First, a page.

‘Oh my god!’ Anna whispered.
She remembered the night; the sleep that took her by surprise. She remembered the morning; waking up disrobed and not knowing how. Expecting to throw up she surprised herself. Anna didn’t feel disgust anymore, she didn’t feel violated or repulsed, she had no room for it. She only felt hate. Pure, unadulterated hate. The kind of hate considered madness, that would trump everything else and drive the hand to murder. Even people like Anna.
‘You remember.’ Stated Raab.
‘Yes I remember. How could I forget?’
‘Well, I may be ancient, but you don’t get to my age without picking up a few things along the way.’
Anna smiled, her confidence returning. She decided to act out her role in Raab’s delusion. A means to an end.
‘I feel like I can tell you anything Anna. I’ve had nurses before. Lovers. But none of them can hold a candle to you.’
She was reminded of the tale he had told her, the story of how he became an amputee. And hearing now of his supposed conquests, the women, most likely victims like herself, she wanted to make one thing clear.
‘Dreyfus… Can I ask you something?’ She asked.
‘For you dear, anything. Fire away.’
Raab seemed to swoon at Anna’s compliance.
‘That story, about you and Lenard, about… What happened to you. What really happened, I want to know everything about you.’
‘I already told you, I don’t understand what it is that you want to know.’
‘About Lenard. Raping that tribeswoman. Is that what really happened?’
Raab frowned, his brow lifting slowly as he felt the opportunity to unload once more.
‘You know me so well dear. You are a sharp one. The truth is, Lenard did nothing wrong. They removed his head as an act of mercy. Surely you realised this? I was to be made an example of, because it was in fact I that had made love to her. Truthfully I longed to have my lights switched of by that blade, an hour of pain was enough to convince me.’
This revelation made no difference to Anna. He had done enough to warrant death without this knowledge. Anna leant in close and whispered into his ear.
‘Did you make love to her… Or did you rape her?’
The accusation sent Raab into a frenzy. Water splashed where his limbs once were.
‘How dare you! I loved her. She loved me!’ He screamed.
‘That’s rubbish, no one has ever loved you! You force yourself onto them, a man so arrogant that you consider it a gift. If you would consider someone else’s feelings for moment, you might notice the look of utter repulsion when you are near them! Your disgusting, grease paper skin, your hideous, liver spotted face!’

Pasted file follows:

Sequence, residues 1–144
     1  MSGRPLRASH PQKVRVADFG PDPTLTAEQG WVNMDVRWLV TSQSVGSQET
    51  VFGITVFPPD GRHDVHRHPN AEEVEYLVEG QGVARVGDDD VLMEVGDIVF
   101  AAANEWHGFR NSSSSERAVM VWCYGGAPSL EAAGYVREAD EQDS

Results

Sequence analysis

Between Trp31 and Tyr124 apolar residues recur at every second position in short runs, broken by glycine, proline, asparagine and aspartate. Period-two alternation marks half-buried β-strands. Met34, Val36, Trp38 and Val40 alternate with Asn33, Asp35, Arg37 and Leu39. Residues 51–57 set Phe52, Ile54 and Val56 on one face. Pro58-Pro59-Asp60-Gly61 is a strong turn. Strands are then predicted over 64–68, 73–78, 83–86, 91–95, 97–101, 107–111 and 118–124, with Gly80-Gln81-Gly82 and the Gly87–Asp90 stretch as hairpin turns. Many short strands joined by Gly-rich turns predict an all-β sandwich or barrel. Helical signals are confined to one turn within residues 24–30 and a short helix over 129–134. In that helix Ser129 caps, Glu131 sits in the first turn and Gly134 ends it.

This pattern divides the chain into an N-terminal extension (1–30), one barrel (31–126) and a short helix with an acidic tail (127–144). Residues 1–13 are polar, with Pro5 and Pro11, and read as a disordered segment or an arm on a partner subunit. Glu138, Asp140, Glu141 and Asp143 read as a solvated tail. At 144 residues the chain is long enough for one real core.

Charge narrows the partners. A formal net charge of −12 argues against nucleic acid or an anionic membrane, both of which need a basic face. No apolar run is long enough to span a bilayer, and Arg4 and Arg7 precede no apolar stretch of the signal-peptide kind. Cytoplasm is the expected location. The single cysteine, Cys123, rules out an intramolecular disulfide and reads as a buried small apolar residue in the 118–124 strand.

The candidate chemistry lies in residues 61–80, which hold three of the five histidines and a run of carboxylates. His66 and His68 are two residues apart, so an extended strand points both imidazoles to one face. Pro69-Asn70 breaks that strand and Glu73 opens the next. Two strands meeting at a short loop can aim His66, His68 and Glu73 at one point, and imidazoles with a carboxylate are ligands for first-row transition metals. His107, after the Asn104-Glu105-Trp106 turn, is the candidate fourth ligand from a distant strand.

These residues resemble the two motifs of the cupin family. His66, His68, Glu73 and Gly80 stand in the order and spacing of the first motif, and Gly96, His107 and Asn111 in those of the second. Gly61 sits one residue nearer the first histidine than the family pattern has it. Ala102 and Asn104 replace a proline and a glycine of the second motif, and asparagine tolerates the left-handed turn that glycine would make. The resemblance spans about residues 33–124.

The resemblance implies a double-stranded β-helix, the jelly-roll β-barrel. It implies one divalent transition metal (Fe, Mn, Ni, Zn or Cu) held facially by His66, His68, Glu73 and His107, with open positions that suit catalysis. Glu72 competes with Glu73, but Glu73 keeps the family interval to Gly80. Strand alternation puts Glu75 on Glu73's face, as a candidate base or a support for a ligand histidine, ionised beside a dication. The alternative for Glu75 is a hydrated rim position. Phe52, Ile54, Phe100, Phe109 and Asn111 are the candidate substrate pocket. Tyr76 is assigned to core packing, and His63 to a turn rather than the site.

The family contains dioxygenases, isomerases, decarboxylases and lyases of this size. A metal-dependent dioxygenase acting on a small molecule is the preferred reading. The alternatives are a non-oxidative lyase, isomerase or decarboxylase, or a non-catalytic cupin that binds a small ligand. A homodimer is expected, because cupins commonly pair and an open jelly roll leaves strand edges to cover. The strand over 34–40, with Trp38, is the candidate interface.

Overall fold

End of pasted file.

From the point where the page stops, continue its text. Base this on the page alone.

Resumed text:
Raab’s torso flushed red, his nostrils bled and his teeth hung half out of his mouth. His fury was unprecedented and the thrashing frightened Anna, even in her careless state.
‘I’m going to kill you!’ He screeched.
Anna didn’t need to think, because she had practiced this scenario in her head since the first time she had bathed him. She reached for his head, slapped her palm onto his scalp and pushed. The tub let Raab slide with ease, and the water level was high enough to ensure his submersion. His invisible limbs flailed like never before. The water level declining as he flung as much water as he could out of the bath. Instinctually Anna jumped on top of him, soaking herself and her nurse’s garb. She straddled as best she could, hoping to restrict the phantom limbs wherever they were.
It seemed to work, though she felt blows from all sides, Raab’s movement was restricted and as the water begun to settle she could see his face; his yellow eyes were wide, blood clouded from his nose and mouth and his long grey hair fanned out around his head, wriggling like some kind of sea creature. It wasn’t until his dentures had finally escaped his mouth that she was sure of his demise. The teeth hovered before floating past her leg, she felt a certain shared victory with them.
Reality had come back, the horror of house had died with its owner and she felt like crying. She found it hard to gather her strength, but she couldn’t look at the repugnance that lay under her anymore. She lifted one leg, and hoped that the momentum would flip her onto the tiles. Before she could fall she felt something. Something she had felt before, pain. Her wrist was held in the air, and she watched it blacken. How could it be? He was dead. Even now as she froze with panic she could see his lifeless eyes, his jutting tongue. Before she could scream she felt a hand on her head, it pulled her down and as her wrist was released another hand clasped her face. A charred handprint spoiled her looks and suddenly she felt one last thing.
A pair of lips engulfed hers, a sensation that brought back lost memories Mr Raab’s night time intrusion. It was him, alive in death somehow, same as his limbs were. His tongue found its way past her teeth, despite their clench and before she could gag, the hands on her head took complete control. They twisted her now black face until her neck snapped like a scorched tree branch. Switching her off when freedom teased her after so long.
Mr Dreyfus Raab lay under his lover, the bathwater red and the bathroom soaked. They laid like this in death for a several days before life prised them apart. The intervention of life from outside came when it wasn’t needed, and it came in search of Edmond. Anna had been forgotten until now. Now she was to be remembered as a murderer. Surely a man with no limbs would always be the victim. Harmless and humbled, how could it be any different.
© Copyright 2016 Daniel Mullaney. All rights reserved.